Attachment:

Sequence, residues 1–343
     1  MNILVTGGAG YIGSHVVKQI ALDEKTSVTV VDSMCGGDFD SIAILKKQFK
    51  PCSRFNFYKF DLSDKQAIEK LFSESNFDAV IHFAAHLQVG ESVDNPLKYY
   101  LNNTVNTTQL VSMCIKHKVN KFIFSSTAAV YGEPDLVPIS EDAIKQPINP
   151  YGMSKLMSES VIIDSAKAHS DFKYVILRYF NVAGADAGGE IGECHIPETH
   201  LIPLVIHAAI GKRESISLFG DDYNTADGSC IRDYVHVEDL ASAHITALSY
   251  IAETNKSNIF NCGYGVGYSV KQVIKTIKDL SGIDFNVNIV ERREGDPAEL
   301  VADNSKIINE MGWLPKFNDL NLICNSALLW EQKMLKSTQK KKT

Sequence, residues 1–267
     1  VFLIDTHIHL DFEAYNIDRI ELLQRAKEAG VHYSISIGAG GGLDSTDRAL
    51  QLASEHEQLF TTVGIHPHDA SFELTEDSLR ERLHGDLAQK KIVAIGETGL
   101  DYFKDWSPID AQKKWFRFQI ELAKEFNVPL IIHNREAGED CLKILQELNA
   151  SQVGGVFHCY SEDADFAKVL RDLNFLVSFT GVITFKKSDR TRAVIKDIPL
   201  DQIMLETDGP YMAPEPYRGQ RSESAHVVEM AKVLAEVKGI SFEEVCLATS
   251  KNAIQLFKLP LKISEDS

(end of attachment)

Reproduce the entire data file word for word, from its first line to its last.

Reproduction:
Sequence, residues 1–343
     1  MNILVTGGAG YIGSHVVKQI ALDEKTSVTV VDSMCGGDFD SIAILKKQFK
    51  PCSRFNFYKF DLSDKQAIEK LFSESNFDAV IHFAAHLQVG ESVDNPLKYY
   101  LNNTVNTTQL VSMCIKHKVN KFIFSSTAAV YGEPDLVPIS EDAIKQPINP
   151  YGMSKLMSES VIIDSAKAHS DFKYVILRYF NVAGADAGGE IGECHIPETH
   201  LIPLVIHAAI GKRESISLFG DDYNTADGSC IRDYVHVEDL ASAHITALSY
   251  IAETNKSNIF NCGYGVGYSV KQVIKTIKDL SGIDFNVNIV ERREGDPAEL
   301  VADNSKIINE MGWLPKFNDL NLICNSALLW EQKMLKSTQK KKT

Sequence, residues 1–267
     1  VFLIDTHIHL DFEAYNIDRI ELLQRAKEAG VHYSISIGAG GGLDSTDRAL
    51  QLASEHEQLF TTVGIHPHDA SFELTEDSLR ERLHGDLAQK KIVAIGETGL
   101  DYFKDWSPID AQKKWFRFQI ELAKEFNVPL IIHNREAGED CLKILQELNA
   151  SQVGGVFHCY SEDADFAKVL RDLNFLVSFT GVITFKKSDR TRAVIKDIPL
   201  DQIMLETDGP YMAPEPYRGQ RSESAHVVEM AKVLAEVKGI SFEEVCLATS
   251  KNAIQLFKLP LKISEDS